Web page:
5. Can the number be prevented from increasing?
As the eyeball grows, the retina moves further back in relation to the cornea and lens. Hence it is likely that a minus number may increase with time. There is no medically accepted method by which this can be prevented, including use of contact lens. In fact this is like making your child wear a hard hat over his head to prevent the height from increasing! However, it is a fact that numbers, like height are genetically predetermined and so a child’s minus number could stop increasing suddenly at say age 12 or 14. If at that time, the child was doing natural exercises or wearing a contact lens or putting honey in the eyes or even practicing urine therapy, that particular treatment is given wide publicity by gullible parents. This results in neighbours, friends and relatives insisting that this or that therapy is incredibly successful in preventing increase in numbers!
There is growing evidence that children who spend more time outdoors in physical activity have less increase in minus number.
6. Do wrong reading habits or too much TV cause increase in numbers?
To a large extent, minus numbers are genetically predetermined and their extent of increase not in our control. However, in an interesting study done in Japan, children from similar genetic stock were divided into 2 groups. One group studied only in English for 10 years while the other studied only in the complicated Japanese script. At the end of the 10-year period, there were more students wearing minus numbered glasses in the Japanese script group. Thus there is an environmental component perhaps to an increase in numbers – though there is no universal agreement on this subject.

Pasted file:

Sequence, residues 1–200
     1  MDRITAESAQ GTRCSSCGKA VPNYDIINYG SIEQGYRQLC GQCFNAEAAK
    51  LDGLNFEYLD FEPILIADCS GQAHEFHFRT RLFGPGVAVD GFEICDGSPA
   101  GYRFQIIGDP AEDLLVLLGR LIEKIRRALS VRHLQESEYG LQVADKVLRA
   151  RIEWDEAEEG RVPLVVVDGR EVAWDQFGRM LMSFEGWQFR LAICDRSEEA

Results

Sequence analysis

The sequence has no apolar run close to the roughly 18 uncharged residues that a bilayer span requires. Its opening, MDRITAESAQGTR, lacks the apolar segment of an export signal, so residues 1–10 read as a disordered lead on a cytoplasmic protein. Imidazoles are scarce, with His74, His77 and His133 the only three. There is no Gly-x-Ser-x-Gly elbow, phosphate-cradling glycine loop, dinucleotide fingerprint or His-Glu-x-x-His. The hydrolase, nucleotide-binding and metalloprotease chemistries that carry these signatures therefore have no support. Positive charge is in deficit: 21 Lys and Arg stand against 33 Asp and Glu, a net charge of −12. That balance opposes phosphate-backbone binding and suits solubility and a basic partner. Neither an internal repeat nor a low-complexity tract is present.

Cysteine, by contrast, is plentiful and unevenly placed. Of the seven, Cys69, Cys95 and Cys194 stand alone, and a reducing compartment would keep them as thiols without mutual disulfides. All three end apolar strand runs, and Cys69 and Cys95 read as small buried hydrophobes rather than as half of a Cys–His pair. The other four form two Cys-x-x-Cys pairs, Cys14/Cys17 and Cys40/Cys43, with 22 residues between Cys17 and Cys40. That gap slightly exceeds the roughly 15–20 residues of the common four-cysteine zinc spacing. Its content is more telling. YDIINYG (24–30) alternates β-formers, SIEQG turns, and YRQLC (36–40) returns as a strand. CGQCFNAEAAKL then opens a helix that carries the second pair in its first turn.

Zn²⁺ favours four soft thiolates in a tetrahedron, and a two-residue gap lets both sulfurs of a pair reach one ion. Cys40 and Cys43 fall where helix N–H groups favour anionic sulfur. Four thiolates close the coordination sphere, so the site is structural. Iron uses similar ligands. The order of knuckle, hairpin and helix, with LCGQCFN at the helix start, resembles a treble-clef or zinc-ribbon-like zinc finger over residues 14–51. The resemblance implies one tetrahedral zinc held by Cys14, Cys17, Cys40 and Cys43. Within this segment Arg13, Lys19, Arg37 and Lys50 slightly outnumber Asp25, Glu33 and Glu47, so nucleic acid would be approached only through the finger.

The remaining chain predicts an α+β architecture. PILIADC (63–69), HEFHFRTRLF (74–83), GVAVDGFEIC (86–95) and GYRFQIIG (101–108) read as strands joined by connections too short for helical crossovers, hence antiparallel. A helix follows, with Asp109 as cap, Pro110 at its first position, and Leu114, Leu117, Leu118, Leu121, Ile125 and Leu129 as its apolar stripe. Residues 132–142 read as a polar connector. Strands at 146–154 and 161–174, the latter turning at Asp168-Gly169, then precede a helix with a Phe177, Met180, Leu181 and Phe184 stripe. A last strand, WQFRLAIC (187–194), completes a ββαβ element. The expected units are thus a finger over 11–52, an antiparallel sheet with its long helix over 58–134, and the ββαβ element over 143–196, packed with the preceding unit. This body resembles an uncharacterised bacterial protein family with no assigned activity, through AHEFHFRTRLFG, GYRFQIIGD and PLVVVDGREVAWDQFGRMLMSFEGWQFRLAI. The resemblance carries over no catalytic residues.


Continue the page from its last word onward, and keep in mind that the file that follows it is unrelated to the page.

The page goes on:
7. Should physical activity or contact sports be discouraged if one has a minus number?
NO. The child should be encouraged to grow up normally and in fact encouraged to take up physical activity. Most children who are shortsighted end up preferring indoor activities and books rather than outdoor sports. It is up to the parents to push the child to explore the world outside the house with their glasses on. It is true that myopes are more prone to retinal detachment. However, an annual retinal examination by your eye doctor will reveal any thinned out areas of the retina requiring preventive treatment. If none exist, no restrictions need apply in spite of there being a “high” minus number. In fact, as mentioned in an earlier answer, outdoor activities seem to benefit children with minus numbers.. the number increases less rapidly!
8. How often should I bring my child to the eye doctor for a check-up? Can it not be done by the optician? After all, he does not charge me for the eye examination!
If the change in numbers is slow and steady, once a year may be sufficient. However, if the child has visual complaints or headaches, it means the numbers have changed and the child may need to be taken for a checkup oftener, Remember, the optician can only check for numbers –he is not qualified to examine the retina, which the eye doctor will do at every visit. Also, many opticians rely on fancy “computer” machines to prescribe glasses in children. These suffer from many inadequacies in children and are not a substitute for the old fashioned manual examination that most eye doctors will carry out.
9. Will a child with ‘shaking eyes’ go blind with time?
NO. ‘Shaking eyes’ or nystagmus as it is called is a to and fro searching movement of the eyes, as the central portion of the retina, which deals with fine vision, is not fully developed. This is common in albinos or children with a deficiency of skin pigmentation. It also occurs in some other conditions. In most of these conditions, the vision improves with time and the nystagmus decreases in extent and amplitude over the years.
10. Can you suggest some home remedies for children?
Children should be taught correct visual habits: